The authors would like to thank the BRFAA biological imaging facility for their valuable contribution to confocal imaging and image analysis, George Tzanoukos (M.Sc., Head of the Biomedical Engineering Department, BRFAA) for technical assistance, and the BRFAA Animal Facility. The authors would also like to thank Dr. Nadia Stefanova (Innsbruck University) for providing the C57BL6 PLP-haSyn transgenic mice and Imago Pharmaceuticals for providing the 11A5 antibody. The authors also like to thank Dr. Lee Clough for editing the manuscript. PHJ was supported by the Lundbeck foundation Grant R223-2015-4222 and R248-2016-25. This work was supported by an MSA Coalition grant and a Bodossaki Grant to MX. Partial support was provided by an NIH grant NS1000876 to BG and by the Innovative Medicines Initiative 2 Joint Undertaking under Grant agreement No. 116060 (IMPRiND) to LS. This Joint Undertaking receives support from the European Union’s Horizon 2020 research and innovation program and EFPIA. This work was supported by the Swiss State Secretariat for Education‚ Research and Innovation (SERI) under contract number 17.00038. The opinions expressed and arguments employed herein do not necessarily reflect the official views of these funding bodies.

Author contribution

PM carried out the experiments, analyzed and interpreted the data, generated the figures, and participated in the study design, and in writing the manuscript. FA carried out the immunohistochemical analysis of the hPFF-injected mouse brains. AKK performed the initial experiments with the uptake of hPFFs in the OLN cell lines. MV carried out additional experiments required for resubmission. IK performed the EM analysis. MZ, KG, and SB generated the haSyn PFFs. ZS and BG performed immunohistochemical staining and comparative analyses of human brain tissue. PHJ provided the OLN cells, p25α plasmid, and p25α antibody. LS participated in study design, data interpretation, and in writing the manuscript. MX conceived the hypothesis, coordinated and led the study, and participated in study design, data interpretation and in writing the manuscript.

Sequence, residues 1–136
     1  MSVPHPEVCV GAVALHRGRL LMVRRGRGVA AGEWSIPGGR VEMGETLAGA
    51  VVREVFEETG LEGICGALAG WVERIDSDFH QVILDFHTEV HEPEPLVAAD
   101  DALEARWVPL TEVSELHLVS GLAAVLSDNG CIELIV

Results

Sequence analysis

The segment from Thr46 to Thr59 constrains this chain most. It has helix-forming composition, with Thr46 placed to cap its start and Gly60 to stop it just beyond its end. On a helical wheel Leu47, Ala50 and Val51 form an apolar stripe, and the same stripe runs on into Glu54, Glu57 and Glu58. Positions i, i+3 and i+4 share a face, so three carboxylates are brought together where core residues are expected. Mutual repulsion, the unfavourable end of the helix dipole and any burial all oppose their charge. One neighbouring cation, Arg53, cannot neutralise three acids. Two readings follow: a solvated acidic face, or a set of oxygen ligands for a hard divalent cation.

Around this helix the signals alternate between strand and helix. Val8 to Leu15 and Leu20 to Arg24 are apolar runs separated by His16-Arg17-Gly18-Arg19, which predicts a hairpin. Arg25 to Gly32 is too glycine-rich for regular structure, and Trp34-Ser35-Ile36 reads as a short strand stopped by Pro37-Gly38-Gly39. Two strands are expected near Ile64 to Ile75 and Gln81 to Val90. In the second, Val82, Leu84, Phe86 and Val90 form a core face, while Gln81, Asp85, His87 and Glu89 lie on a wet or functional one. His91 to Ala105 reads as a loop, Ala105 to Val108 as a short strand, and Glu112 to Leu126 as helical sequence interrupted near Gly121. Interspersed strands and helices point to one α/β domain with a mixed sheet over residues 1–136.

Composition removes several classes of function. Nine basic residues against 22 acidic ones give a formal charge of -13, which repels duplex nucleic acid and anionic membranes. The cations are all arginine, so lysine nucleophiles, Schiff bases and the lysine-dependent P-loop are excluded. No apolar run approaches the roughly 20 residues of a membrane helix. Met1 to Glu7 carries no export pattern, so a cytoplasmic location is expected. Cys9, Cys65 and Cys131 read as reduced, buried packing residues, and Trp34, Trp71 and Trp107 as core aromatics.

Compliance with ethical standards

Conflict of interest

The authors have declared that no conflict of interest exists.

Supplementary material

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Copyright information

© Springer-Verlag GmbH Germany, part of Springer Nature 2019

Authors and Affiliations

  • Panagiota Mavroeidi
    • 1
  • Fedra Arvanitaki
    • 1
  • Anastasia-Kiriaki Karakitsou
    • 1
  • Maria Vetsi
    • 1
  • Ismini Kloukina
    • 2
  • Markus Zweckstetter
    • 3
    • 4
  • Karin Giller
    • 4
  • Stefan Becker
    • 4
  • Zachary A. Sorrentino
    • 5
    • 6
  • Benoit I. Giasson
    • 5
    • 6
    • 7
  • Poul Henning Jensen
    • 8
  • Leonidas Stefanis
    • 1
    • 9
  • Maria Xilouri
    • 1
    Email author
  1. 1.Center of Clinical Research, Experimental Surgery and Translational ResearchBiomedical Research Foundation of the Academy of Athens (BRFAA)AthensGreece
  2. 2.Center of Basic ResearchBiomedical Research Foundation of the Academy of AthensAthensGreece
  3. 3.German Center for Neurodegenerative Diseases (DZNE)GöttingenGermany
  4. 4.Department for NMR-based Structural BiologyMax Planck Institute for Biophysical ChemistryGöttingenGermany
  5. 5.Department of NeuroscienceUniversity of FloridaGainesvilleUSA
  6. 6.Center for Translational Research in Neurodegenerative DiseaseUniversity of FloridaGainesvilleUSA
  7. 7.McKnight Brain InstituteUniversity of FloridaGainesvilleUSA
  8. 8.DANDRITE-Danish Research Institute of Translational Neuroscience and Department of BiomedicineUniversity of AarhusAarhus CDenmark
  9. 9.1st Department of Neurology, Eginition Hospital, Medical SchoolNational and Kapodistrian University of AthensAthensGreece